Monday, June 29, 2009

Important Changes Noted This Morning

The 500 mb anticyclone still has three lobes this morning: one over southern Utah, one over far west Texas, and one over Texas/Louisiana border. The two eastern lobes are quite weak and the western lobe is predicted to dominate and to continue building toward the Four Corners. Middle-level temperatures are quite cool within the main anticyclone (-7 to -10C) and will help increase CAPE over much of the Southwest.

An inverted trough lies across New Mexico from the boot heel to the northeast corner and will probably brush across extreme southern Arizona and the borderlands this afternoon and evening. The vertical shear profile, both in this morning’s TWC sounding and in the NAM forecasts, is quite favorable for storms to propagate from the mountains into lower elevations.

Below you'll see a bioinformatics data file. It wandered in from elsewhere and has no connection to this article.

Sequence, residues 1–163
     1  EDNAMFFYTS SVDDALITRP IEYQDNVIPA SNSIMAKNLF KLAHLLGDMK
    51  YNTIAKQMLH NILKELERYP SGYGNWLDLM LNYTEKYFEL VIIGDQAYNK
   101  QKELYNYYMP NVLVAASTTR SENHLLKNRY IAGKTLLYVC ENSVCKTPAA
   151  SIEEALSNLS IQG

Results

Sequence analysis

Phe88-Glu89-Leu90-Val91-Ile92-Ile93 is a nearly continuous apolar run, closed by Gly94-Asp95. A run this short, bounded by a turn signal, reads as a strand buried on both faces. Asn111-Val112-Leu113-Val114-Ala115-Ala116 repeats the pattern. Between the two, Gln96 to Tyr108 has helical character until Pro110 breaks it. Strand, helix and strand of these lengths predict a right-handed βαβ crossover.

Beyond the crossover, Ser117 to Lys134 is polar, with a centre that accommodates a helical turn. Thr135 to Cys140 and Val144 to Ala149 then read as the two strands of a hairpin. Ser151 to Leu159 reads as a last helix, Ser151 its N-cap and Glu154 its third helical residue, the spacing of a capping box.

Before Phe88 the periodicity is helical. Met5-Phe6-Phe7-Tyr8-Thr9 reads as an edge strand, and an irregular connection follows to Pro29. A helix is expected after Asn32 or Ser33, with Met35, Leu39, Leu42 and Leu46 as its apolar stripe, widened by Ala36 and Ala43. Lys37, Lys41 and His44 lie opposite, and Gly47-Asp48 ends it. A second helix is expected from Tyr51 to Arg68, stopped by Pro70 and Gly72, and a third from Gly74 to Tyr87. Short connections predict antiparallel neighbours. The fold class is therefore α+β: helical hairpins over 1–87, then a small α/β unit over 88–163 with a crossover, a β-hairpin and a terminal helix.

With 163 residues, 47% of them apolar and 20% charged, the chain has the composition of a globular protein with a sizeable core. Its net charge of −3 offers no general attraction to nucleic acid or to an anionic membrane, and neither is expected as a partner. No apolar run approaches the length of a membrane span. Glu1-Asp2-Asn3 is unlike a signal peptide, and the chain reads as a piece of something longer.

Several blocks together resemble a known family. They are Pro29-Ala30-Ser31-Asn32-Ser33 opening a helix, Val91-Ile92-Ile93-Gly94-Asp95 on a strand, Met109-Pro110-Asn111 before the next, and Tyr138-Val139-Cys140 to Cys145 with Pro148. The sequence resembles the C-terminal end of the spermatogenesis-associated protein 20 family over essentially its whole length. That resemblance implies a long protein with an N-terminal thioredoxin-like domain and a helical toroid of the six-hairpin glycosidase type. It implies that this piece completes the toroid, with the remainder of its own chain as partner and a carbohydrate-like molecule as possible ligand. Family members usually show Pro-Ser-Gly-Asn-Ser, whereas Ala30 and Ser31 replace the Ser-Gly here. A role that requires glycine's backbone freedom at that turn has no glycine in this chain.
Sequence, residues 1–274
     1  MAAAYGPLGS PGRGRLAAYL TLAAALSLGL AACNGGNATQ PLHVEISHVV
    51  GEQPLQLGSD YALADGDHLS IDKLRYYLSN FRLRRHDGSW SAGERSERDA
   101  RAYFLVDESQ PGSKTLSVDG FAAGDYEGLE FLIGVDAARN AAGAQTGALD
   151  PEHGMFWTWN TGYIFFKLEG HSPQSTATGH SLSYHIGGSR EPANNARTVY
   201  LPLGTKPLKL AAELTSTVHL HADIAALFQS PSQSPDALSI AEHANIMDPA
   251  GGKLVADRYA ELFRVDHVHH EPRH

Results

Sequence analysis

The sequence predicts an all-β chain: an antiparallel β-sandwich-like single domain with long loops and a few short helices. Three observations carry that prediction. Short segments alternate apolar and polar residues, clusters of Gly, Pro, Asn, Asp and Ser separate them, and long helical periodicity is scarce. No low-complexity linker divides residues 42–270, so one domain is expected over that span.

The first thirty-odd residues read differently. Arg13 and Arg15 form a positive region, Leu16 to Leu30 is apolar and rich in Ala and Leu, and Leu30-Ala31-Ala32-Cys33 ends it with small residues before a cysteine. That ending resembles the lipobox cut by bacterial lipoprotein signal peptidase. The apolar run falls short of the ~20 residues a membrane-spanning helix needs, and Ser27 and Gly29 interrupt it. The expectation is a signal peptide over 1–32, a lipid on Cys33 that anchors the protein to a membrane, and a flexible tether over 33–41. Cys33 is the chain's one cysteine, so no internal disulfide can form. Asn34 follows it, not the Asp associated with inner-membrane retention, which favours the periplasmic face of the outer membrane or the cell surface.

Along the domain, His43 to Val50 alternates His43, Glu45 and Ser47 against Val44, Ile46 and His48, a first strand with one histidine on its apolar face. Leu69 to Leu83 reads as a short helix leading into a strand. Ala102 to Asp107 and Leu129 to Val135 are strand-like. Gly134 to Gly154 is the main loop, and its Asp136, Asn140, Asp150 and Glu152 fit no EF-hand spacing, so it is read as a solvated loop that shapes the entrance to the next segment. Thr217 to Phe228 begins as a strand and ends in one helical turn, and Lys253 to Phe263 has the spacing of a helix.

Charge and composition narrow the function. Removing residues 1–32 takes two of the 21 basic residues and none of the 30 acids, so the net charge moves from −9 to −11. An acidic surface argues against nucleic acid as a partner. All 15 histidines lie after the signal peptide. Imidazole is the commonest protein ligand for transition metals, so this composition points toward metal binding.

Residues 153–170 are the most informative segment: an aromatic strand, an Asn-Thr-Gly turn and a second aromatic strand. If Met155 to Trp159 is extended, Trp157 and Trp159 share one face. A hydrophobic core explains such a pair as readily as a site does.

The amount of low-level moisture has continued to slowly increase and the TWC sounding has 1.6 inches of precipitable water this morning. The southeast winds at low-levels may act to increase this some during the day. This morning’s sounding indicates that there will be decent CAPE this afternoon at low elevations with parcels at top of the boundary layer having theta-w values of about 23C or perhaps a bit higher.

All of this seems to come together for an active storm day in south central Arizona, after several days with the storms limited to the far southeast. My guess for this afternoon and evening is that it’s a 50/50 toss up for storms and rain here at the house. Given the shear profile there’s also a good likelihood that some storms may reach severe levels. So, it appears that a more interesting day is on tap.

Other things of note this morning – storms decayed over the GoC as they moved southeast from Sonora (see WV image on blog); large upper cyclone or inverted trough moving across north-central Mexico; another push of low-level moisture noted at Yuma as Td increased 10F from midnight to 1 am and there are widespread clouds across the lower Colorado Basin this morning; the past 24 hours saw no measurable rain over the Pima County ALERT gauge network.

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